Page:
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Environmental Factor

Environmental Factor

Your Online Source for NIEHS News

March 2022

More monitoring of breast milk needed, new research suggests

A study by a U.S.-Canada team estimated PFAS levels in breast milk.

Very few studies report the amount of per- and polyfluoroalkyl substances (PFAS) in the breast milk of women, according to new research spearheaded by Suzanne Fenton, Ph.D., from the NIEHS Division of the National Toxicology Program (DNTP). Her study — published Feb. 23 in Environmental Health Perspectives (EHP) — discusses why more data and research are needed.

Suzanne Fenton, Ph.D. Fenton, an investigator in the DNTP Mechanistic Toxicology Branch, collaborated with scientists across the U.S. and Canada to estimate levels of four PFAS in breast milk. (Photo courtesy of Steve McCaw / NIEHS)

PFAS are a large family of manmade chemicals with a variety of industrial and commercial uses, such as nonstick cookware, food packaging, stain-resistant clothing, firefighting foam, electrical wiring, and some personal care products. The substances, which are common drinking water contaminants, remain in the environment for months to years and are associated with adverse health outcomes in humans and in animal studies.

Fenton and a team of researchers in the United States and Canada conducted a literature search and discovered that only three papers reported measured concentrations of PFAS in breast milk in U.S. women. They found just one paper reporting on such concentrations in Canadian women. Although national biomonitoring studies have measured PFAS and other chemicals in serum and urine for decades, little is known about PFAS concentrations in breast milk.

Estimating PFAS concentrations in breast milk

The research team compiled available serum or plasma data on four PFAS from women aged 18-44 years in a U.S. national survey, a national Canadian survey, the New York Department of Health, and the Agency for Toxic Substances and Disease Registry (ATSDR) PFAS Exposure Assessments. With additional information from international studies, they estimated breast milk concentrations in communities with known PFAS drinking water contamination.

Because there is no guidance on PFAS concentrations that may be harmful in breast milk, the team compared the measured and estimated breast milk levels to PFAS drinking water screening values for children, developed by ATSDR.

Concentrations of perfluorooctanoic acid (PFOA) and perfluorooctanesulfonic acid (PFOS) exceeded the drinking water screening values, sometimes by more than two orders of magnitude. Estimated levels of the other two PFAS the researchers evaluated, perfluorohexane sulfonate and perfluorononanoic acid, were close to or exceeded the screening values.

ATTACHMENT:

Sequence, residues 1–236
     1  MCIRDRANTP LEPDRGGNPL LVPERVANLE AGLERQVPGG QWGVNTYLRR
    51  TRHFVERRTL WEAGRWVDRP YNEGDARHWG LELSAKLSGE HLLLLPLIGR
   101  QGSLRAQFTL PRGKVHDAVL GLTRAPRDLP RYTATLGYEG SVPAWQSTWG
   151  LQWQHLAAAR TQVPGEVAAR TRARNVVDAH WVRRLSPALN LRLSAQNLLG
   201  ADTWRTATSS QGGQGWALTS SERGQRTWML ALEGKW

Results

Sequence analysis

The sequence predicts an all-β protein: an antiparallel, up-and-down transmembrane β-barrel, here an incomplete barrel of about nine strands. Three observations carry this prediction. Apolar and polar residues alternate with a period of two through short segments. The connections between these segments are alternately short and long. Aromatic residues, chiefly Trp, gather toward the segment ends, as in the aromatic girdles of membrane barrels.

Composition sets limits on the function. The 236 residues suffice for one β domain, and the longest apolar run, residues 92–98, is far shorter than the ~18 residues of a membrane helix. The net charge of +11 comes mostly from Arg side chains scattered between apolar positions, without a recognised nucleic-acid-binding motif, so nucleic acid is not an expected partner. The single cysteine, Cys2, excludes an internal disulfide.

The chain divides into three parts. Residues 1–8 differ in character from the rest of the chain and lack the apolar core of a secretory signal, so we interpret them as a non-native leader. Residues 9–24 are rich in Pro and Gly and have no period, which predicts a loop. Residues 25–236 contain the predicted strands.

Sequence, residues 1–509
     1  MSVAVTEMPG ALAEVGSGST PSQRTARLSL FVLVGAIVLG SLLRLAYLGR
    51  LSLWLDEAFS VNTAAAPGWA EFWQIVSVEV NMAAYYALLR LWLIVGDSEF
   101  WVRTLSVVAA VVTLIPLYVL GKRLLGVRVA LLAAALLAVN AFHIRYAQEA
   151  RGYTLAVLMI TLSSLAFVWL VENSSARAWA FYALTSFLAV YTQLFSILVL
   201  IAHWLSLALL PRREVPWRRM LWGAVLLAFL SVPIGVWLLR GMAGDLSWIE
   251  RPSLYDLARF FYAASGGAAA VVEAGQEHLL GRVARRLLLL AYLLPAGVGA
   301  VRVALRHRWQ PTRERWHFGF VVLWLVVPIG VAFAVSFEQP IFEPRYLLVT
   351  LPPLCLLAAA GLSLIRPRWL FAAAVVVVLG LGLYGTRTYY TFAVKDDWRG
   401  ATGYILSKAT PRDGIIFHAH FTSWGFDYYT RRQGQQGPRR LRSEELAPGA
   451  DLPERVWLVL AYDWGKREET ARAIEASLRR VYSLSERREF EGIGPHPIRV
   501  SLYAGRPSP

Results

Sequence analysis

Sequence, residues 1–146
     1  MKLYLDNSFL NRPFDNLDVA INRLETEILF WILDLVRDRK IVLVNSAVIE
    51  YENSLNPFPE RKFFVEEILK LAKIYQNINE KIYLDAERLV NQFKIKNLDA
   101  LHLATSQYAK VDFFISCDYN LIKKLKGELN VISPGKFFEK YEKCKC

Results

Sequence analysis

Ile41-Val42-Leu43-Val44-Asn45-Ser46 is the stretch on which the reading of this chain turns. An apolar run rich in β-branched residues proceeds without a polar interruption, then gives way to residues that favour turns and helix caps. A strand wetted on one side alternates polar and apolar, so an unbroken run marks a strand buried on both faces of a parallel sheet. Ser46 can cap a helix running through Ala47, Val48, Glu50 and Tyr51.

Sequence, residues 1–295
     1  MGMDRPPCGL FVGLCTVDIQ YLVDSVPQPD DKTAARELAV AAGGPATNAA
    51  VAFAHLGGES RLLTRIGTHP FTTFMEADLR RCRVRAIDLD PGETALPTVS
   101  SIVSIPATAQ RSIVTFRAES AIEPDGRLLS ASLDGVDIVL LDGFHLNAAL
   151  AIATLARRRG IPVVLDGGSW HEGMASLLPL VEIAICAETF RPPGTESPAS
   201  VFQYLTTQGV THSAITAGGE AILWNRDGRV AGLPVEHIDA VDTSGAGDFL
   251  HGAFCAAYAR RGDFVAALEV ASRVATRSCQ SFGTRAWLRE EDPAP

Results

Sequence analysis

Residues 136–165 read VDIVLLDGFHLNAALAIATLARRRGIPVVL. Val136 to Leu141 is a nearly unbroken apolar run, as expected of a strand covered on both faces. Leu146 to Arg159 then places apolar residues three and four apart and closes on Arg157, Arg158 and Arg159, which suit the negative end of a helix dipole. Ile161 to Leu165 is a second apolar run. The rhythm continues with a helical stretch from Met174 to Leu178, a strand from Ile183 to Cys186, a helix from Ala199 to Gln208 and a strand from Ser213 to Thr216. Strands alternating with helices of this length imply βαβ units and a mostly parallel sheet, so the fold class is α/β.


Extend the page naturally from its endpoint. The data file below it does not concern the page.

The EHP paper reminds readers of the many benefits of breastfeeding for the mother and infant. Both the paper and an Invited Perspective by Gloria Post, Ph.D., research scientist with the New Jersey Department of Environmental Protection, draw attention to the need for more breast milk monitoring data.

“We want to be sure that women and their health care providers have the information they need to make important decisions,” said Fenton. To address research gaps, Fenton and other study authors have started working together on new studies to measure concentrations of a wide range of PFAS in breast milk, in collaboration with researchers at the Université de Montréal.

Impacted communities want more information

The impetus for the study came from families raising their children in communities impacted by PFAS contamination. Families who live close to industries contaminating water systems with PFAS or who reside near airports, military bases, wastewater treatment plants, and landfills are particularly interested in understanding how the chemicals may affect the health of mothers and infants.

A series of workshops by the National Academies of Sciences, Engineering, and Medicine (NASEM) may help guide health care providers in advising community members about the substances. NIEHS and ATSDR are supporting efforts by NASEM related to Guidance on PFAS Testing and Health Outcomes. The goal is to examine health effects and sources of exposure to inform potential changes to PFAS clinical guidance. Findings are expected out this summer.

Citations:
LaKind JS, Verner MA, Rogers RD, Goeden H, Naiman DQ, Marchitti SA, Lehmann GM, Hines EP, Fenton SE. 2022. Current breast milk PFAS levels in the United States and Canada: After all this time, why don't we know more? Environ Health Perspect 130(2):25002.

Post GB. 2022. Invited Perspective: Current breast milk PFAS levels in the United States and Canada indicate need for additional monitoring and actions to reduce maternal exposures. Environ Health Perspect 130(2):21301.

(Robin Mackar is a writer and media relations coordinator in the NIEHS Office of Communications and Public Liaison.)


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